Learners explore individual and collective responsibility for maintaining the health of the Great Lakes Basin or local water resources.
Three Forty-Five Minute Class Periods
The learner will:
- analyze content of the reading book by Lynn Cherry, A River Ran Wild.
- apply learning to the Great Lakes or a local water system.
- identify citizen responsibility for the Great Lakes Basin or local water system.
- develop concept of community capital as applied to local water resources.
- identify reasons for maintaining water quality.
- demonstrate use of vocabulary associated with water quality.
- locate the nearest river, pond, lake, reservoir.
Due to the technical nature of the content on water quality and the Great Lakes Basin or other water system, it is highly recommended that the instructor conduct some research about the water basin to become familiarized with the content to be developed with the learners.
Use a large map that shows the Great Lakes or local water system. Ask the learners why these lakes are so important and make a list of the responses. Ask the learners if they know the definitions or can give examples of pollution and conservation. Ask them to relate these terms to what they already know about our lakes, rivers and streams.
Take-home sheet is included as Attachment One: Guided Practice to be completed at home or shared with parents to spark discussion of the concepts of water pollution and conservation.
Cheery, Lynne. A River Ran Wild. An Environmental History (A Reading Rainbow Book). Harcourt. ISBN: 152005420
National Geographic's Map Machine
National Geographic "Great Lakes Satellite" http://education.nationalgeographic.com/education/photo/great-lakes-satellite/?ar_a=1
Kennedy, Robert et al. "The Hudson Riverkeepers." 1998. Available at: Snag Films http://www.snagfilms.com/films/title/the_hudson_riverkeepers.
Lesson Developed By:Christine Jensen
Directions: Put an "X" in front of the best answer.
|Michigan and Ohio||New Hampshire and Maryland|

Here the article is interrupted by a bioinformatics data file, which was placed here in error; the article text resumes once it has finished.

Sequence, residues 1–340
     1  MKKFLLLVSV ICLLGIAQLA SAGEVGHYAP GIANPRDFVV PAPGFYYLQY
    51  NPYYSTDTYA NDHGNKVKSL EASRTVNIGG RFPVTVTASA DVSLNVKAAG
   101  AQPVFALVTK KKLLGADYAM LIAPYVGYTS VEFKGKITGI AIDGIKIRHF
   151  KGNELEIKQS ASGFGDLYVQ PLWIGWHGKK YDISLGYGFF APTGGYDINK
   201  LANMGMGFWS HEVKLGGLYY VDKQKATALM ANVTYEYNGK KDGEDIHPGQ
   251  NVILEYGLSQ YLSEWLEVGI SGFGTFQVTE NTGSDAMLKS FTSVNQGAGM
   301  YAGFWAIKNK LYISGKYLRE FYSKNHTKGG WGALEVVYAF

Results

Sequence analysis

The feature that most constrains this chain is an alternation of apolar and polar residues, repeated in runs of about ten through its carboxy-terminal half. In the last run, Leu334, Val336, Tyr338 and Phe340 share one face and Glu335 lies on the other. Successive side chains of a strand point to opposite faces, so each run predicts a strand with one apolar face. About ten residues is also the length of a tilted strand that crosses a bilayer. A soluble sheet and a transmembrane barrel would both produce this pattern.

|Florida and Georgia||Massachusetts and New Hampshire|
|A Fiction book||A Non-fiction book|
What did Marie Stoddard do to help the river?
Describe Marie with just one of our philanthropy words.
Water is the most common substance on Earth. It is found as ground water, in oceans, seas, rivers, lakes, ponds and streams. There are two forms of water. The water found in the seas and oceans has salt. Lake, river, stream and pond water has no salt. There is one exception. Estuaries, where ocean meets fresh water have both salt and fresh water. When tides come in, the water is saltier and when tides go out, there is less salt in the water.
Water pollution is one of our greatest environmental problems. Our waterways are not as clean as they should be. Our water worldwide has become polluted because of pesticides and other chemicals running off the land into our water. Sometimes people and industry pollute accidentally but sometimes this dumping is done purposefully. In our area of the United States and the nation of Canada we depend on the Great Lakes and the waterways, rivers, smaller lakes, streams and underground water supply. We need clean water for our homes, schools, recreation, transportation, business and industry. The Great Lakes and all the surrounding land are called the Great Lakes Basin.
Many of us have learned the names of the Great Lakes by using the word HOMES. Each letter stands for a Great Lake: Huron, Ontario, Michigan, Erie and Superior.
Today we know that chemicals like PCB hurt the fish and birds. Fish like perch and walleye developed tumors. Salmon and trout had so much of the chemicals in them that people are still warned not to eat too much of these sport fish from the Great Lakes. The bald eagle became an endangered species because they ate fish containing the pesticides.
The shells of their eggs became weak and their young did not hatch. Because of efforts to stop poaching, reducing chemicals in the water and protecting nesting sites, the eagle has been restored and is now protected, not endangered. However, there are new threats. Ships going through the St. Lawrence Seaway brought unwanted species that hurt native species. The lamprey eel, sculpin fish and zebra mussels are three of these unwanted and harmful species.
Because citizens became alarmed and took voluntary action for the common good, many organizations and conservation clubs were formed. Conservation is the way we attempt to manage, use wisely and protect our natural resources. Businesses, industry and governments also saw the need to stop pollution and they also took action. The United States government now has the Environmental Protection Agency. Canada and the United States have a Joint Commission to protect the Great Lakes. Each state that shares one of the Great Lakes has a Department of Environmental Quality. Grassroots service movements have been formed in communities to monitor and protect our Great Lakes Basin. Yearly river cleanups like the Rouge River Project involve youth and community volunteers to restore this once great river. Youth take active roles in letter writing campaigns, water quality testing, and other service projects to insure the health of the water. They are making a difference by preserving this heritage for the future.
All rights reserved. Permission is granted to freely use this information for nonprofit (noncommercial), educational purposes only. Copyright must be acknowledged on all copies.